When creating an RSS feed, one should have two audiences in mind: first is your human readers that will be subscribing with their news readers, second are the computers that will be mixing your feed with others, and transforming your feed into other formats (iCal feeds, integrating it into a website, etc.) For committees in Congress, here are some do’s and don’t’s with regard to the second audience.
For announcing committee hearings, here’s the least information-rich way to publish a feed: (And apologies for using brackets instead of for XML tags. I can’t seem to get those to work with WordPress.)
[pubDate](date that the hearing was announced)[/pubDate]
[description]The committee on whatever will meet next Tuesday in our usual meeting location to discuss the terrorism prevention bill. [/descrpition]
No computer can get anything out of that, meaning it would be impossible to transform that feed for any other use. Better would be this:
[name]Committee on …[/name]
[date](date & time of the hearing in a standard date/time encoding[/date]
[description](same as description field above)[/description]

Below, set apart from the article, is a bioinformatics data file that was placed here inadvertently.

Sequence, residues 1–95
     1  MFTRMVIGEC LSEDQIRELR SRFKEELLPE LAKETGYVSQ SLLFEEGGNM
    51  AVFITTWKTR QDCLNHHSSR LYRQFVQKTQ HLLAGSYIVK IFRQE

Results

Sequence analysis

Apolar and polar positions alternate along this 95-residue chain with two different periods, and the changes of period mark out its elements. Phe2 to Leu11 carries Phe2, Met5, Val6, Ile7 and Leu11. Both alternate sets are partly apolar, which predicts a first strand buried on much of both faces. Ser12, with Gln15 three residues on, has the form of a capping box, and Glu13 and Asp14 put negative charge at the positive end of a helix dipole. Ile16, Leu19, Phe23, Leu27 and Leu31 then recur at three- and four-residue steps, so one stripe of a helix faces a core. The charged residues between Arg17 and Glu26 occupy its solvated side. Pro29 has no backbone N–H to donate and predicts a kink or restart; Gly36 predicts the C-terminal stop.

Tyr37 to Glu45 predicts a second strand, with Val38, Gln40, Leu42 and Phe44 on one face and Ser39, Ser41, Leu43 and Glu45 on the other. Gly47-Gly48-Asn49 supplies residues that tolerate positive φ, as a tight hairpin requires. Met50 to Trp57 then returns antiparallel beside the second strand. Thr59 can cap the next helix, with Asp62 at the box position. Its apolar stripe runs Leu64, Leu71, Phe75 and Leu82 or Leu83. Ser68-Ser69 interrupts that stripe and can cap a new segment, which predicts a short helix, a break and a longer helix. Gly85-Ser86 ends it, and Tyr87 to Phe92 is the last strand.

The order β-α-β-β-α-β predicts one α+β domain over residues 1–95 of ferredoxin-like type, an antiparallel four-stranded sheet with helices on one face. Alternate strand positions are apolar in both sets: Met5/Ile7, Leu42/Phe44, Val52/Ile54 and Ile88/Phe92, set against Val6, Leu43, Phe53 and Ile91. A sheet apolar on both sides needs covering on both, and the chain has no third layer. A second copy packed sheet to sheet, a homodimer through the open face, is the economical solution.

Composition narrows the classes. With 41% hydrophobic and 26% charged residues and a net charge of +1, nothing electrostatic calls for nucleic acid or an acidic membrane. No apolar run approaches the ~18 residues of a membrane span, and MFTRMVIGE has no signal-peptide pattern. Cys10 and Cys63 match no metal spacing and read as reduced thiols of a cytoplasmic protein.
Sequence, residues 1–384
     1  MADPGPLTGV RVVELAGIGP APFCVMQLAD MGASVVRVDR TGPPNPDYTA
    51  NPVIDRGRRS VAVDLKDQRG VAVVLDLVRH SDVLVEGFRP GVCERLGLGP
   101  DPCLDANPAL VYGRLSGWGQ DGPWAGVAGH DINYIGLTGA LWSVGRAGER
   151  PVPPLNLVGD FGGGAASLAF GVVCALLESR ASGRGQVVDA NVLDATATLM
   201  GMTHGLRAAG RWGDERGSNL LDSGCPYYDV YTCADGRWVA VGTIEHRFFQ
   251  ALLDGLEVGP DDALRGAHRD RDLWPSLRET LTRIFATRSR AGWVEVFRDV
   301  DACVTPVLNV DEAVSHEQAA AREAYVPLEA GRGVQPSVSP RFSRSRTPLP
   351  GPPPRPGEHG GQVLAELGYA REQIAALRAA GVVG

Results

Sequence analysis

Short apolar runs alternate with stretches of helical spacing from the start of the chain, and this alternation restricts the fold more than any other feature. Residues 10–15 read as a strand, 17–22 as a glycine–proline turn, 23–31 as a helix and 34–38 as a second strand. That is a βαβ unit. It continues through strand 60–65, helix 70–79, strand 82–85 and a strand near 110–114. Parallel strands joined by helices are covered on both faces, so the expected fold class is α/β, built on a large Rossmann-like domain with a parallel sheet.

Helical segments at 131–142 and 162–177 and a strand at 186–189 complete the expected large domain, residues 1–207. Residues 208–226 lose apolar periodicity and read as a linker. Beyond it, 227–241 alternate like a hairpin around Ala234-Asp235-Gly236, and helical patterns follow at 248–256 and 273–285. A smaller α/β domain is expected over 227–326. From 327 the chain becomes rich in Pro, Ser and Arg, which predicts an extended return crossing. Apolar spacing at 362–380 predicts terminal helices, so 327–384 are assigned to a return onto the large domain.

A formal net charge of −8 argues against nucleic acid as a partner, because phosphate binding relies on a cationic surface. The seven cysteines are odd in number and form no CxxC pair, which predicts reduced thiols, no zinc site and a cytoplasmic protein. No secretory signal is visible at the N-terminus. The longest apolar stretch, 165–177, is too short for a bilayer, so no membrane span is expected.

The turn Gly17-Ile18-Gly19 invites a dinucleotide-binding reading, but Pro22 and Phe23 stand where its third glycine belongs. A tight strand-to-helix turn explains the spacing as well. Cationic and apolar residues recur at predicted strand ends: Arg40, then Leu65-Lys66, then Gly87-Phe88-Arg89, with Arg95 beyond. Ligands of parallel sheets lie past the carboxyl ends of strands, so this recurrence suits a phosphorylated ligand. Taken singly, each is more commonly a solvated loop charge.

This structure separates out all of the details into distinct fields with clear formats. Converting this feed into iCal format so that someone could integrate the events into their calendaring program would be straightforward.
And, especially in the case of the related-bill item, the bill is referred to not by name (which is ambiguous), or even by number (like H.R. 1234) which is still ambiguous across Congresses, but in a very precise format that is entirely unambiguous. That will let websites like mine cross-reference events in the feed with the bills they are related to, which means it will be easier for people to follow the committee schedule.
Also, including metadata at the top like the actual name of the committee (not, mind you, the title of the feed, like “Hearing Schedule for the Committee….”) is not a bad idea either.